Page Banner

United States Department of Agriculture

Agricultural Research Service

Research Project: IMPROVE NUTRITION FOR HONEY BEE COLONIES TO STIMULATE POPULATION GROWTH, INCREASE QUEEN QUALITY, AND REDUCE THE IMPACT OF VARROA MITES

Location: Honey Bee Research

Title: Comparison of productivity of colonies of honey bees, Apis mellifera, supplemented with sucrose or high fructose corn syrup

Authors
item Sammataro, Diana
item Weiss, Milagra -

Submitted to: Journal of Insect Science
Publication Type: Peer Reviewed Journal
Publication Acceptance Date: February 17, 2012
Publication Date: March 16, 2013
Citation: Sammataro, D., Weiss, M. 2013. Comparison of productivity of colonies of honey bees, Apis mellifera, supplemented with sucrose or high fructose corn syrup. Journal of Insect Science. 13:19.

Interpretive Summary: Honey bee colony feeding trials were conducted to determine whether differential effects of carbohydrate feeding (sucrose syrup vs. high fructose corn syrups) could be detected between colonies fed exclusively on these syrups. In one experiment, colonies installed within a closed arena had increased wax production (F 1,6 = 6.850, p = 0.040). On average, the colonies supplied with HFCS built 566.88 in sq. of honeycomb (plus or minus 97.666 in sq.), while the colonies supplied with sucrose built 981.73 in sq. (plus or minus 125.312 in sq.). Mean mass of colonies supplied with HFCS was 4.65 kg (plus or minus 0.95 kg) while those supplied with sucrose had a mean of 8.27 kg (plus or minus 1.224). Differences in brood production were complicated due to a possible nutritional or microbial deficiencies experienced by both treatment groups. In the second experiment, colonies supplemented with sucrose syrup through the winter months at a remote field site, exhibited increased spring brood production when compared to colonies fed with HFCS (F 1,8 = 5.693, p = 0.044). However, the adult bee population trended towards significant (F 1,8 = 5.011, p = 0.056) with an overall average of 9.95 frames of bees fed the sucrose syrup between November 2008, and April 2009 compared to 7.5 frames of bees fed exclusively on HFCS. Though sucrose syrup shows a high longevity advantage over HFCS in laboratory bioassays, the increase in field productivity was not as pronounced.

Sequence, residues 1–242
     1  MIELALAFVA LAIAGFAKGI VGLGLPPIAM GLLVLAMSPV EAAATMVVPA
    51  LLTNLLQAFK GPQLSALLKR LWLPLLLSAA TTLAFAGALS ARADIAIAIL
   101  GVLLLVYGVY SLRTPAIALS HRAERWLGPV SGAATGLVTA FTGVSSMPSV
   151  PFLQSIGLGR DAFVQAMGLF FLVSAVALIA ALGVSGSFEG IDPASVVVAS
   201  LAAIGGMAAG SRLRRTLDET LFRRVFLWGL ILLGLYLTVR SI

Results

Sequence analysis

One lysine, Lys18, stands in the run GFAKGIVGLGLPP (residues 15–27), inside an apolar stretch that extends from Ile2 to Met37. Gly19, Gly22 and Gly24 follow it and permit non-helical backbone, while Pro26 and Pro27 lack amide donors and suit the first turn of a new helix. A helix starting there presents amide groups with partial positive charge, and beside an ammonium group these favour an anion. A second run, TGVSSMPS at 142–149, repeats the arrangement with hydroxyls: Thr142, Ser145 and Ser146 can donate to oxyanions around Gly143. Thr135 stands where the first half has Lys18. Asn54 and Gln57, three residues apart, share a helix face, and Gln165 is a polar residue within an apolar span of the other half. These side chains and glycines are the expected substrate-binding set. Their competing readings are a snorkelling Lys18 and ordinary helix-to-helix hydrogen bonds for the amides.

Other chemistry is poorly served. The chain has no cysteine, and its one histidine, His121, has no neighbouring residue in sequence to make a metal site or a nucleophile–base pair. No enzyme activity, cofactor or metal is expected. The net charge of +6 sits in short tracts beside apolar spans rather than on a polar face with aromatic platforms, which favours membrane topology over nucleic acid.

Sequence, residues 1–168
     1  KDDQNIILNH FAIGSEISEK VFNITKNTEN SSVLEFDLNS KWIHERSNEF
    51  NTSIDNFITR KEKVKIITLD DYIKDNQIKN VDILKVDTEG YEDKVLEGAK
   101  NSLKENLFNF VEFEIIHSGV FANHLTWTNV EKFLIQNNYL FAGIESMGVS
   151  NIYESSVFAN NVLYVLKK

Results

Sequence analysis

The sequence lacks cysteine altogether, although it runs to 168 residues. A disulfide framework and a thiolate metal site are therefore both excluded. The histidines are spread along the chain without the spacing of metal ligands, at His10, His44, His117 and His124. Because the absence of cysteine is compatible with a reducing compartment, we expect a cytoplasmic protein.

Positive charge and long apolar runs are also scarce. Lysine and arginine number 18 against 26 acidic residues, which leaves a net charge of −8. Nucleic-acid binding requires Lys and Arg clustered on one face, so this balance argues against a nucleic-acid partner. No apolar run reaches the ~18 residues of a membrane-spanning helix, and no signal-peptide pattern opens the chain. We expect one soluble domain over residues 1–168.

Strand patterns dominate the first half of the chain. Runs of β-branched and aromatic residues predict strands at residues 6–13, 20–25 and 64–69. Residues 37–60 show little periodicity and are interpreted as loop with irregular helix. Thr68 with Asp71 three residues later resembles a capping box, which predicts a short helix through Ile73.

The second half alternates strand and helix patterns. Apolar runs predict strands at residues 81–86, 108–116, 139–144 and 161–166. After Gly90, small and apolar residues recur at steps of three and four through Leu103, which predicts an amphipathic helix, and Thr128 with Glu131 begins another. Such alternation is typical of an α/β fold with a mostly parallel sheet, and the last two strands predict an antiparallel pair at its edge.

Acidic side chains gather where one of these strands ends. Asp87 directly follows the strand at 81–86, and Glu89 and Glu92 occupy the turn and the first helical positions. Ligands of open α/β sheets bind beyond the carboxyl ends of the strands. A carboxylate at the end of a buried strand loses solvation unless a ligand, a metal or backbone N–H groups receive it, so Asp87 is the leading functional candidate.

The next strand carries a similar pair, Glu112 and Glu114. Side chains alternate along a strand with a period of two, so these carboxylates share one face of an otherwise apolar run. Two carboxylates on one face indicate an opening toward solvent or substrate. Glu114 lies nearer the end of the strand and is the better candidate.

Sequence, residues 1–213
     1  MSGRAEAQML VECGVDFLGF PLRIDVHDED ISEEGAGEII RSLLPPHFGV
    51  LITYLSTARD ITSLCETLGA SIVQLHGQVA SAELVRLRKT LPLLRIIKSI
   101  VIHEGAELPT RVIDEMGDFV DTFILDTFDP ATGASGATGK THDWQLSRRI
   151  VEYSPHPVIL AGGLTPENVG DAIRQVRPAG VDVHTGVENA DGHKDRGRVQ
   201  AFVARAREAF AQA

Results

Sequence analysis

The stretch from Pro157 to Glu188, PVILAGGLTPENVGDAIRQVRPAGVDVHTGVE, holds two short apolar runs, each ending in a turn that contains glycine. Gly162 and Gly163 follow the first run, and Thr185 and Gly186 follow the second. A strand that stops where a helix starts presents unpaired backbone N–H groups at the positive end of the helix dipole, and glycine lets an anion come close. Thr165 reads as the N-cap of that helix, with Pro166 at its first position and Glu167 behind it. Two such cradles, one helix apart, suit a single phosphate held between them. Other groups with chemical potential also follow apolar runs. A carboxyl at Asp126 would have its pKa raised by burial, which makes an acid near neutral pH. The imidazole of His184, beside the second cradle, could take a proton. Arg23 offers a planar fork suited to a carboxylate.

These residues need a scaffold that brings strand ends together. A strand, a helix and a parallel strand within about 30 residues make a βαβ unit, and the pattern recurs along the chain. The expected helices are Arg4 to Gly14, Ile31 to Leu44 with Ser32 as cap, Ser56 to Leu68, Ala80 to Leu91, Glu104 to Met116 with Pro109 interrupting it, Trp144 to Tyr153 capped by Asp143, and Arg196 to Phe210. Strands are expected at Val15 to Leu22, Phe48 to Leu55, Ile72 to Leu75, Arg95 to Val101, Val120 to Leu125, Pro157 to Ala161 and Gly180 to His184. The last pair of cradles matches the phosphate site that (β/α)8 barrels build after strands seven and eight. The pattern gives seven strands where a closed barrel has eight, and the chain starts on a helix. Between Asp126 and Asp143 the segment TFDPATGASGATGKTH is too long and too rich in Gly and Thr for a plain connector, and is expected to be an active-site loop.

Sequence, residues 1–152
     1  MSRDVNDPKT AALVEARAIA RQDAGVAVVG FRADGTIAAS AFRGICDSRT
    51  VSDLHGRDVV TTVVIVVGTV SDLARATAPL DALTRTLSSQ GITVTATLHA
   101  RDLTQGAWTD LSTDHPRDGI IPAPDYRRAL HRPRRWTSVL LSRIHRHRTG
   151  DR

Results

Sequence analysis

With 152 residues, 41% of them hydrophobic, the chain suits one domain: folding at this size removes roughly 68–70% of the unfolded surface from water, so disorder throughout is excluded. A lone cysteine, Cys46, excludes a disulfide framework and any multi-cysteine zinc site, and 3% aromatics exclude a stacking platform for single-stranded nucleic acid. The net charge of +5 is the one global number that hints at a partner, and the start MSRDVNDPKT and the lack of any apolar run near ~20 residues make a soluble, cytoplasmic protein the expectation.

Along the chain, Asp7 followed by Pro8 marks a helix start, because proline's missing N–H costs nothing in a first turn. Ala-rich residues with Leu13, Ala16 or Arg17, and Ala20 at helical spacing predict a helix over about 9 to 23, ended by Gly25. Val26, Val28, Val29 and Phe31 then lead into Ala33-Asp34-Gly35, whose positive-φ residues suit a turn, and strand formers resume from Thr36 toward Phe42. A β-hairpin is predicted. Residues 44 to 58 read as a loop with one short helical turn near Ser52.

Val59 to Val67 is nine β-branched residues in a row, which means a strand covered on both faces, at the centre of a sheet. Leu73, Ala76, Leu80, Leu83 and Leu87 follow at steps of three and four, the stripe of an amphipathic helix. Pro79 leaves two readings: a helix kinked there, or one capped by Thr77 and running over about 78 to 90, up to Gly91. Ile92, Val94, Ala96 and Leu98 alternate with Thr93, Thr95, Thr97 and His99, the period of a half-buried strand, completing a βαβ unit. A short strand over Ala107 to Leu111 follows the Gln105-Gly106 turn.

Technical Abstract: Honey bee colony feeding trials were conducted to determine whether differential effects of carbohydrate feeding (sucrose syrup vs. high fructose corn syrups) were detected between colonies fed exclusively on these syrups. In one experiment, colonies installed within a closed arena had increased production (F 1,6 = 6.850, p = 0.040). Differences in brood production were complicated due to a possible nutritional or microbial deficiency experienced by both treatment groups. In the second experiment, colonies supplemented with sucrose syrup through the winter months at a remote field site, exhibited increased spring brood production when compared to colonies fed with HFCS (F 1,8 = 5.693, p = 0.044). Though sucrose syrup shows a high longevity advantage over HFCS in laboratory bioassays, the increase in field productivity was not as pronounced.

Last Modified: 8/22/2014